May 31 (Bloomberg) -- Zambia’s central bank increased its benchmark interest rate for the first time in seven months to curb accelerating inflation.
The policy rate was raised by 25 basis points to 9.5 percent, the Lusaka-based Bank of Zambia said in an e-mailed statement today.
“The committee anticipates upward risks to inflation during the month of June 2013, mainly arising from the recent increase in the pump price of fuel, coupled with the lagged effects of the recent exchange-rate depreciation,” the bank said in an e-mailed statement.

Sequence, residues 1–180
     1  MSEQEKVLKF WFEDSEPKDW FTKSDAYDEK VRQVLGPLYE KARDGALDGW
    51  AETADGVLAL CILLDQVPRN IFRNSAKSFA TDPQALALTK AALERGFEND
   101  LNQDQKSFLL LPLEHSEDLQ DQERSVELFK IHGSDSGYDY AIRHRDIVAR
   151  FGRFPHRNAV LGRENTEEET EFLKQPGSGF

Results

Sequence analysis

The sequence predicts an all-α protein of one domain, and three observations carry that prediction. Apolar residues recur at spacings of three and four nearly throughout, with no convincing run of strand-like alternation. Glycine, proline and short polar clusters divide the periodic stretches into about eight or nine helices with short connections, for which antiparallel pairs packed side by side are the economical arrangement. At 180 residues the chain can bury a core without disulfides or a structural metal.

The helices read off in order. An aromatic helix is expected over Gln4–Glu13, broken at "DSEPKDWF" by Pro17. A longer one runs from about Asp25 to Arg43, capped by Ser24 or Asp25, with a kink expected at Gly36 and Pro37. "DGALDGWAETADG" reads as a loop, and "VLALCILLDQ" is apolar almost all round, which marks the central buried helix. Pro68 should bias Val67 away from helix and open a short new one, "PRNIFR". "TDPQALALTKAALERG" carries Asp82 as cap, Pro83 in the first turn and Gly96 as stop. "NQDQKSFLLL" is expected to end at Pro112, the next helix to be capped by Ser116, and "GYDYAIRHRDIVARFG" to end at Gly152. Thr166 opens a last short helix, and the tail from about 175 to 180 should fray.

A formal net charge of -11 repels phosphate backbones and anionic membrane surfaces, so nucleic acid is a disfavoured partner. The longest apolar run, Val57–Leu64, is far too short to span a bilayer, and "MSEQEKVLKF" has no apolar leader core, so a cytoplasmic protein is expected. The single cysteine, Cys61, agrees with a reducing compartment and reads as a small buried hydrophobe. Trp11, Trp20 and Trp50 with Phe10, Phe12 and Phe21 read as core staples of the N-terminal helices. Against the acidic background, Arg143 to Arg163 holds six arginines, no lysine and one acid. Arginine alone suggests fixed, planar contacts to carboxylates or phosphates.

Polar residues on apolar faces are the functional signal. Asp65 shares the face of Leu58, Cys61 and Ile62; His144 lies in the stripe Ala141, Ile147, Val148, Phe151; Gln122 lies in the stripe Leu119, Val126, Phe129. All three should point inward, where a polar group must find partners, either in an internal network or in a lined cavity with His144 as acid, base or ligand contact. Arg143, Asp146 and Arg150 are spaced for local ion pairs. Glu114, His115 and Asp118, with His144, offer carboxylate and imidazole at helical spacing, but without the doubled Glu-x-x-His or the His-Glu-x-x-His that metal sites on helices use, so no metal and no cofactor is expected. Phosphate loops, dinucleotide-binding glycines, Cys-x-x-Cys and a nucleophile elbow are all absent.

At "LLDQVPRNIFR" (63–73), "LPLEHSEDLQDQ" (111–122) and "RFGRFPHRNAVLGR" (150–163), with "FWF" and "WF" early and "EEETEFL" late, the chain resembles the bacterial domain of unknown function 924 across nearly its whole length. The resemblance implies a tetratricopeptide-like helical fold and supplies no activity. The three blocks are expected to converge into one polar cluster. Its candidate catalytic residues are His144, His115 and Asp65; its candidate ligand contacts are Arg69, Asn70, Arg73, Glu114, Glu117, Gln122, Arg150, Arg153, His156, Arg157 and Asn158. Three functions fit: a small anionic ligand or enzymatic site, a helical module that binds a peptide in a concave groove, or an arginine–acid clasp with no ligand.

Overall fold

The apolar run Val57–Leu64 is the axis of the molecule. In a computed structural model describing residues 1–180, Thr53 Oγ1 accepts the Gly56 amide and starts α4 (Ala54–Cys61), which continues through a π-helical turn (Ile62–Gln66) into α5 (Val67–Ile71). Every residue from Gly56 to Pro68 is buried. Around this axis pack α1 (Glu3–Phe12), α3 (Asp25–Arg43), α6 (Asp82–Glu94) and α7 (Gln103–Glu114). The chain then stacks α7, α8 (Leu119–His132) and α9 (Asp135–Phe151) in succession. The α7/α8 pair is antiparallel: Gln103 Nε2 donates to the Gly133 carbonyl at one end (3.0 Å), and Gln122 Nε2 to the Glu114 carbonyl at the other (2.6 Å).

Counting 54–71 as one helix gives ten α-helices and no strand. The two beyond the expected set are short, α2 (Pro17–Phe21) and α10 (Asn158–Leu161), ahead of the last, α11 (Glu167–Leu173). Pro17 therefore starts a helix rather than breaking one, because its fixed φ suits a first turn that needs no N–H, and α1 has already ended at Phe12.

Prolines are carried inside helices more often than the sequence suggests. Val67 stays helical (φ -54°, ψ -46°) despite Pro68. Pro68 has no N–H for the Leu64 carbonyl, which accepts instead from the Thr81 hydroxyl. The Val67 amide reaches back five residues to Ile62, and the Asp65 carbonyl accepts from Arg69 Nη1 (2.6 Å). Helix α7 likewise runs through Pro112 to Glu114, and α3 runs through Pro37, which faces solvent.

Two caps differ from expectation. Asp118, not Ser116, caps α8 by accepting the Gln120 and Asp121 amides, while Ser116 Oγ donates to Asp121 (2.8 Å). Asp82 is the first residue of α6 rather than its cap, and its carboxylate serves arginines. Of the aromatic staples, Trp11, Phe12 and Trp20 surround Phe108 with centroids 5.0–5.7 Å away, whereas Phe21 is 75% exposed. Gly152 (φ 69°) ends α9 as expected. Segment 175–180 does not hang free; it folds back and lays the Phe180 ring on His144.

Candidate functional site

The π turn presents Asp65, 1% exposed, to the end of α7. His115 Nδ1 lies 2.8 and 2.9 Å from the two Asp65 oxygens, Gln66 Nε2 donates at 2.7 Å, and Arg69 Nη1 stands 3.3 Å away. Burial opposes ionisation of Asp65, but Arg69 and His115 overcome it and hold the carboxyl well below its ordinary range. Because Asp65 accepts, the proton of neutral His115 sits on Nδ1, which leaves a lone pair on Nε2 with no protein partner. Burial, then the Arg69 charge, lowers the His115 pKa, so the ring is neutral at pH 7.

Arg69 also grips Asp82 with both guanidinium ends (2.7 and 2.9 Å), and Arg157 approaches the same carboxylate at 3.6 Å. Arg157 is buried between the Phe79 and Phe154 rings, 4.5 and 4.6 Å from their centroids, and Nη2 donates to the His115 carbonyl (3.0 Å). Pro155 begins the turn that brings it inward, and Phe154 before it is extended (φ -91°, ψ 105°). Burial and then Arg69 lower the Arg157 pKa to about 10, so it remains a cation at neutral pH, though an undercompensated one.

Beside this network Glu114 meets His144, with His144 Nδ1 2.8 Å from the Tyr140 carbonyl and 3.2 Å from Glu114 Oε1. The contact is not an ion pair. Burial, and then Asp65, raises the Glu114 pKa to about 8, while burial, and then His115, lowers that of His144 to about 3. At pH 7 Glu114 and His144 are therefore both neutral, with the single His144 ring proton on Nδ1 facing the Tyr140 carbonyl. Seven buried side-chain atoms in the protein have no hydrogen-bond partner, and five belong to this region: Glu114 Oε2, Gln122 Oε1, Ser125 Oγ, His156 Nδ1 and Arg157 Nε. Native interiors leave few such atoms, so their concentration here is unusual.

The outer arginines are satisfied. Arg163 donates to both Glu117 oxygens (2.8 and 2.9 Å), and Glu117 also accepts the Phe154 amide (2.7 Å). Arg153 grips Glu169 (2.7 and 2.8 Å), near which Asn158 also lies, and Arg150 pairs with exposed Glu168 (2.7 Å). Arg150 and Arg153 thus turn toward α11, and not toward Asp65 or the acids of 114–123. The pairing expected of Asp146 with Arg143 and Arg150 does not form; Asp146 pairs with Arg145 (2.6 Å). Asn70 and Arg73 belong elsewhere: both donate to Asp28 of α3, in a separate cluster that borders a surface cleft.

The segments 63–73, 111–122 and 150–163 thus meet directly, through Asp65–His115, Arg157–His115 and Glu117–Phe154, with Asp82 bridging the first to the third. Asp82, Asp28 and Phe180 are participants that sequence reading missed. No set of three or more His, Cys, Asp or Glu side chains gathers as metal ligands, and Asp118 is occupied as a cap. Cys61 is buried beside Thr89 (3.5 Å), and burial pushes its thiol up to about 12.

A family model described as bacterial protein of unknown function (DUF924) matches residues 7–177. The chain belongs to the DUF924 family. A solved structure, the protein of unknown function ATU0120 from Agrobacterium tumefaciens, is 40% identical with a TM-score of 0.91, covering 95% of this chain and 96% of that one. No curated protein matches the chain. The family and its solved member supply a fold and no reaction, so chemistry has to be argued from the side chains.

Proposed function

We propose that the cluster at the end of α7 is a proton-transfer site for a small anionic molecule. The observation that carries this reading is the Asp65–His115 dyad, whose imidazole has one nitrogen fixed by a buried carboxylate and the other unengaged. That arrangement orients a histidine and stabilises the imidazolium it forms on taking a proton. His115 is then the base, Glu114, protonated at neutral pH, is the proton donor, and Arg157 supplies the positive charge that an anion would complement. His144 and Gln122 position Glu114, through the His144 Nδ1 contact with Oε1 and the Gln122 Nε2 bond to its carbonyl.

Consumer prices in Africa’s biggest copper producer accelerated for the first time this year to 7 percent in May from a year earlier compared with 6.5 percent the previous month, the country’s Central Statistics Office said yesterday. The government removed fuel subsidies on May 1, increasing the cost of gasoline and diesel by more than a fifth.
Zambia’s kwacha fell 0.4 percent to 5.35 per dollar by 12:20 p.m. in Lusaka, extending the decline this year to 3 percent.
The central bank “weighed the risks and was of the opinion that inflationary pressures during the policy-relevant period would be a threat to the achievement of end-year inflation target of 6 percent,” it said.
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